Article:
Gate-Level Clock Gating

In sequential cells such as Flip-flop, the clock is used as an input, and therefore a clock network that distributes the clocks entering the circuit to each sequential cell is generated during the circuit synthesis process. Clock networks consume more than 40% of the circuit’s total consumption on average. Therefore, it is important to reduce the power consumption of the clock network for low-power design, and for this purpose, clock gating is widely used to supply clocks only when the signal of the flip-flop is switched.

The clock gating method currently used sees the cell’s connection configuration during the RTL phase, and only applies clock gating in (e.g. load-enable register) regions with a specific configuration. Therefore, we study gate-level clock-gating to obtain clock-gating conditions based on the function of each flip-flop at gate-level to solve the problem of limiting flip-flop to which clock-gating is applied.


KEYWORDS Flip-flop, Clock gating

Related Publications Clock gating synthesis of netlist with cyclic logic paths

NTV Circuit Design

Near threshold voltage (NTV) circuits are designed to achieve maximum energy efficiency by lowering the operating voltage to near the threshold voltage (Vth). Figure shows the relationship between the operating voltage of the circuit and the energy consumption, showing that the operation at NTV (0.45 V) is 5 times lower than the normal voltage (1.2 V). Thus, NTV circuit design can dramatically reduce critical power consumption in applications such as the Internet of Things (IoT), wearable computers, etc.

However, for NTV circuits, cell delay increases and process error-sensitive drawbacks. Therefore, when designing an NTV circuit, this allows for additional margins, which contributes to increasing the area of the circuit. To address these problems, NTV design methodology studies a methodology that minimizes additional required margins while minimizing power consumption.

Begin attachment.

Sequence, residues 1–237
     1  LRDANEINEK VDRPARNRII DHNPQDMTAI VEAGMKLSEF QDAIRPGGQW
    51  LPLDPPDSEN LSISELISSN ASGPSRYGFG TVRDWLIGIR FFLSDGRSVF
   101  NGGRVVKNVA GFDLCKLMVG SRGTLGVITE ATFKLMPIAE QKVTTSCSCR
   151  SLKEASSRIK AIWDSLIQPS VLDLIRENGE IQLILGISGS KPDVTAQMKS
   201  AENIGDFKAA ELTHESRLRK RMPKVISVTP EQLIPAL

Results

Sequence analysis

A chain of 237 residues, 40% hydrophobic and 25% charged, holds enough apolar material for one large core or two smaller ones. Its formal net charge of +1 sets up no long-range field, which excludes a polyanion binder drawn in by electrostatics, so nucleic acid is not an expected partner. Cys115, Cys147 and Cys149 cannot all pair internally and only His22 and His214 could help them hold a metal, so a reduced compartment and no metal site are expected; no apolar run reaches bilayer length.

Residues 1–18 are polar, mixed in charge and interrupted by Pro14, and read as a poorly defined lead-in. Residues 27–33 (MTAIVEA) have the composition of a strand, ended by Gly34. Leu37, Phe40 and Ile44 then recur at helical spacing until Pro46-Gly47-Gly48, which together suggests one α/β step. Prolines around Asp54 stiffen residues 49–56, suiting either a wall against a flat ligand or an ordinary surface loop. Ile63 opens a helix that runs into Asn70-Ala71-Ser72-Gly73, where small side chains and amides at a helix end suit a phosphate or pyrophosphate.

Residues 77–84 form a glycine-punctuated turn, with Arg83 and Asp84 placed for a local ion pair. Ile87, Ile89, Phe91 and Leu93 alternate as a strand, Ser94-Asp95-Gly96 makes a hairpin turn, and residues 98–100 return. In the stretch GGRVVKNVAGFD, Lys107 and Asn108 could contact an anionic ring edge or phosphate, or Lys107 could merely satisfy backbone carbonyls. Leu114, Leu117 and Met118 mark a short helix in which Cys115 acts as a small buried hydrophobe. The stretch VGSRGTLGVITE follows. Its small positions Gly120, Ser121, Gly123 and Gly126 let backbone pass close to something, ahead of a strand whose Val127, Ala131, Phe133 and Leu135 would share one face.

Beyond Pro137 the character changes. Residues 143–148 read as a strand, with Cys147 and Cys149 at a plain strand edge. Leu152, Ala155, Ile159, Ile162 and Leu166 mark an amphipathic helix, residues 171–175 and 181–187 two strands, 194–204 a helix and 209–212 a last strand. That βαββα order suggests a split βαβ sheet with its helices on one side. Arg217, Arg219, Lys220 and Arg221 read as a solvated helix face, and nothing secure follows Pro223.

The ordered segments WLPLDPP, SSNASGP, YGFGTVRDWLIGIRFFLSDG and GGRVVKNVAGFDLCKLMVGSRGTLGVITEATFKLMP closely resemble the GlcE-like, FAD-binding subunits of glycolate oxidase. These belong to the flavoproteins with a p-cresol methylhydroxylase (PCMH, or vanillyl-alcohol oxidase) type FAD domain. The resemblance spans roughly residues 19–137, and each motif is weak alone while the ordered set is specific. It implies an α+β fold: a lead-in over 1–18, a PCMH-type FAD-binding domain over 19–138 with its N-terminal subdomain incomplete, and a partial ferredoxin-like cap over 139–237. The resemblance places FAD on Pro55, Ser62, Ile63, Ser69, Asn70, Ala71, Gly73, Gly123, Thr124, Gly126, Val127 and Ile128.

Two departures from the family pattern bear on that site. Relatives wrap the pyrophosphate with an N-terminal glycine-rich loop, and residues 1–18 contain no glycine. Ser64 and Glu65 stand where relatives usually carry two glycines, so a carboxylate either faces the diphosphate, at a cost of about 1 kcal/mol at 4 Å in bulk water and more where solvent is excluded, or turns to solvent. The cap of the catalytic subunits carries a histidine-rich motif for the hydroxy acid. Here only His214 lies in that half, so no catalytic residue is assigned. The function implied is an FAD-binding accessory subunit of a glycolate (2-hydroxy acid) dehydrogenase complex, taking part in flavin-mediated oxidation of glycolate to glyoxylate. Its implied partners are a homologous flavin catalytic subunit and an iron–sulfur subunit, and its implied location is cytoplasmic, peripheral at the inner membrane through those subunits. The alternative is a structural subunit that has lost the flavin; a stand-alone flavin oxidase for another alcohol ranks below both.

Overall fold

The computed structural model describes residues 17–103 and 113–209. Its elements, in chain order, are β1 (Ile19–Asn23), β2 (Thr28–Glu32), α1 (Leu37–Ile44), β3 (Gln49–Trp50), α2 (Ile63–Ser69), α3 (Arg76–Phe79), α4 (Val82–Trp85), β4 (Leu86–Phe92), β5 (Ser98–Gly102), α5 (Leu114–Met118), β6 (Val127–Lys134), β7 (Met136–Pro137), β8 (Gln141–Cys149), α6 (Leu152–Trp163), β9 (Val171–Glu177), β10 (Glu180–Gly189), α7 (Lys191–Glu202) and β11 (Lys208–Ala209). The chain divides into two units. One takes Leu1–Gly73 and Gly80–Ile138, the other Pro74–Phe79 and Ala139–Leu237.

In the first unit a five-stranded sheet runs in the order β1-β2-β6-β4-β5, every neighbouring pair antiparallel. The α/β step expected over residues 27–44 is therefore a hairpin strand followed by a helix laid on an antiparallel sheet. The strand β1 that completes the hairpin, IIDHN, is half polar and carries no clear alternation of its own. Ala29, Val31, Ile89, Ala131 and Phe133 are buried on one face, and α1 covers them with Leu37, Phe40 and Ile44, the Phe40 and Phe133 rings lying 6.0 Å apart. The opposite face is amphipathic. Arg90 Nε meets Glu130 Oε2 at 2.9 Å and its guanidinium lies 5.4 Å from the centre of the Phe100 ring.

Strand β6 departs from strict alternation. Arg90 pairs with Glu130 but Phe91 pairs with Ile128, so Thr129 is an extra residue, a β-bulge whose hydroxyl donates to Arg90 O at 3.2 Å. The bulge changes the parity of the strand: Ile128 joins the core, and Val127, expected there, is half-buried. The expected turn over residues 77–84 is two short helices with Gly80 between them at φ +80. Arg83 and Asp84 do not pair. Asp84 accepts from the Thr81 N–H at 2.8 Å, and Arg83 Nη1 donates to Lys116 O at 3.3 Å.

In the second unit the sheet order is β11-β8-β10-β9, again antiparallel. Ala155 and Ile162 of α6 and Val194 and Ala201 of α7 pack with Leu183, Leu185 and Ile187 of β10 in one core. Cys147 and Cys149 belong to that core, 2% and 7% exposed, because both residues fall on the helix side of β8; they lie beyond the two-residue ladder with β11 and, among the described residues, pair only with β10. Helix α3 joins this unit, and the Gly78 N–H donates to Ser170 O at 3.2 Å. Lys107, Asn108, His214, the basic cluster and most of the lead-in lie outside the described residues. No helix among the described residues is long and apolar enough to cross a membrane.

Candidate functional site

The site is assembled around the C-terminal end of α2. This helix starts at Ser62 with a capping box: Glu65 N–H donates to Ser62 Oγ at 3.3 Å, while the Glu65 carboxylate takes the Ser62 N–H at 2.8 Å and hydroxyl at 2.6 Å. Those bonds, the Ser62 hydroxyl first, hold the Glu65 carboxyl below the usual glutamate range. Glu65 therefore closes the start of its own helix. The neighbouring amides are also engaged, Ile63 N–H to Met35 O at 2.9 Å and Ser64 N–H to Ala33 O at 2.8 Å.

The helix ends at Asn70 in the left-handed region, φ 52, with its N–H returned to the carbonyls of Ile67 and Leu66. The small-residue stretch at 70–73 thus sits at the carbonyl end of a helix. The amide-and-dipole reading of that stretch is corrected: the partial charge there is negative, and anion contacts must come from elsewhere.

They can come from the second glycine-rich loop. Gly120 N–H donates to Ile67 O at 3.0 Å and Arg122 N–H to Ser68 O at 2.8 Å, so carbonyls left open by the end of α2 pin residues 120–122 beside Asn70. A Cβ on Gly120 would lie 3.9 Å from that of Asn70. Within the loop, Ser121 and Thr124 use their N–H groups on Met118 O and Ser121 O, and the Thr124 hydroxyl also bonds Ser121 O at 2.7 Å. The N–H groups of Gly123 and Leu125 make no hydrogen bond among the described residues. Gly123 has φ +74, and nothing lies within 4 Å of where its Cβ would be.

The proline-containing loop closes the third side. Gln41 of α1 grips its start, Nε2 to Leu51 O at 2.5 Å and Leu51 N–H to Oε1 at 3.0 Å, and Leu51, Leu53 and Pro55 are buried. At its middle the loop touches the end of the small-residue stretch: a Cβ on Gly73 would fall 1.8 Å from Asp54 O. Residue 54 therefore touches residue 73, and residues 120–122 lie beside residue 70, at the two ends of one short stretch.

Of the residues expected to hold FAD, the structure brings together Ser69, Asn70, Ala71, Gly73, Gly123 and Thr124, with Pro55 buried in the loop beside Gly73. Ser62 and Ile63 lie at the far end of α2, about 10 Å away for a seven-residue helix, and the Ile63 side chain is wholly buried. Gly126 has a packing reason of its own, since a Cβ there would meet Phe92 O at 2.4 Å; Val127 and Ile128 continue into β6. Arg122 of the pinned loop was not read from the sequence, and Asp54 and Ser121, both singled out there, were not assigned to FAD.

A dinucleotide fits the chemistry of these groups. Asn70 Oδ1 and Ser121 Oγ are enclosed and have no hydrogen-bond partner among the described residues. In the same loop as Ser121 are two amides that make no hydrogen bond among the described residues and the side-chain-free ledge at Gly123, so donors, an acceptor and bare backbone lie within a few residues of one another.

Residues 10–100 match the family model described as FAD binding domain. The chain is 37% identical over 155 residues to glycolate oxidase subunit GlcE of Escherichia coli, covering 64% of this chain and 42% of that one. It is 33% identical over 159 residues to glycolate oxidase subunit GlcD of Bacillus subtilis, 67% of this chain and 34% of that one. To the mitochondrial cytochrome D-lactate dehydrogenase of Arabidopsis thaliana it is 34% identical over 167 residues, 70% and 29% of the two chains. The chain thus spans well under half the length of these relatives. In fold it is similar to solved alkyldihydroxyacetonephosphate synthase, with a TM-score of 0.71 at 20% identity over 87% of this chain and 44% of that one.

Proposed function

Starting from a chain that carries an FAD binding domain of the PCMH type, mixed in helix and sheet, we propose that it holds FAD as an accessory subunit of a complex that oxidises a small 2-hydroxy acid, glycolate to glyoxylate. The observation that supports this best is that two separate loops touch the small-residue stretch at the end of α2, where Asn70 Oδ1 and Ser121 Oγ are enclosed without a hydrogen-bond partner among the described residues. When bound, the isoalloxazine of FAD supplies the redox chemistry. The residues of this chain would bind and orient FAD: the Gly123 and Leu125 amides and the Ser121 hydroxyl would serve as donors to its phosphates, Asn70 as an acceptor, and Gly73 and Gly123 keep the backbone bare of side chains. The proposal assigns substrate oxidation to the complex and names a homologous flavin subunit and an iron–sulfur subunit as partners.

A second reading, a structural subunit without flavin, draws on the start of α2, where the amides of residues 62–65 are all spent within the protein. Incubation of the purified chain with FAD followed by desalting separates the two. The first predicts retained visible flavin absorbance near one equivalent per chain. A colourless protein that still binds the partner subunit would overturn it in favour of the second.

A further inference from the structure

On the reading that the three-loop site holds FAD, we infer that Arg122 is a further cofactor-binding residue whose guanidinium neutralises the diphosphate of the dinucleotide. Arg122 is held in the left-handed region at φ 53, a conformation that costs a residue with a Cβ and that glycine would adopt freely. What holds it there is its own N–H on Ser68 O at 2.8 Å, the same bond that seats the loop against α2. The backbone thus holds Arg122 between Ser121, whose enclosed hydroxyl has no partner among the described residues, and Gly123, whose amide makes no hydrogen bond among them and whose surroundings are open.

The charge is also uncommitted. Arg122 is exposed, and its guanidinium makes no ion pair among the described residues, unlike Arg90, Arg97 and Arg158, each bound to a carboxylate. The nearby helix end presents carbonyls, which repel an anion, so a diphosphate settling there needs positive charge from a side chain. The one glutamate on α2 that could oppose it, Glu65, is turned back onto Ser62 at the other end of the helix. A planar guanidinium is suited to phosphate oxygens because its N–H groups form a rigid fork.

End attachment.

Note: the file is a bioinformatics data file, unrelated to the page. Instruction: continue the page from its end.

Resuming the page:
KEYWORDS Near threshold voltage

Related Publications Library optimization for near threshold voltage design

Library Optimization through RSCE

At normal voltage, short channel effect (SCE), such as DIBL or Vth-off, reduces the channel length of the transistor and reduces the Vth. To avoid this, we compensate for the Vth reduction by forming more dopants (halo) on the source and near drain channels. However, on NTV, the SCE is not relatively large due to the low drain voltage, so a small channel length causes a large Vth, which is called reverse short channel effect (RSCE).

Thus, cells of transistor channel length with minimum delay are selected, and cells with the smallest cell size are selected for NTV circuit synthesis.


KEYWORDS Reverse short channel effect

Related Publications Synthesis of dual-mode circuits through library design, gate sizing, and clock tree optimization

Dual Edge-Triggered Flip-Flop

The current flip-flop used for circuit synthesis is single edge-triggered flip-flop (SETFF), which is only triggered by the charging or falling edge of a clock signal. In contrast, the flip-flop, which is triggered in both rising and falling, is called dual edge-triggered flip-flop (DETFF). If DETFF is used, the frequency of the supply clock can be reduced by half compared to SETFF, which can dramatically reduce clock power consumption. However, the actual DETFF is not being used for circuit synthesis due to problems such as uneven duty ratio of the clock and difficulty in timing analysis.

Therefore, we conducted research on timing analysis methods, clock gating methods and logic simulation for DETFF so that DETFF can be applied to actual circuit synthesis.



Related Publications Folded circuit synthesis: min-area logic synthesis using dual-edge-triggered flip-flops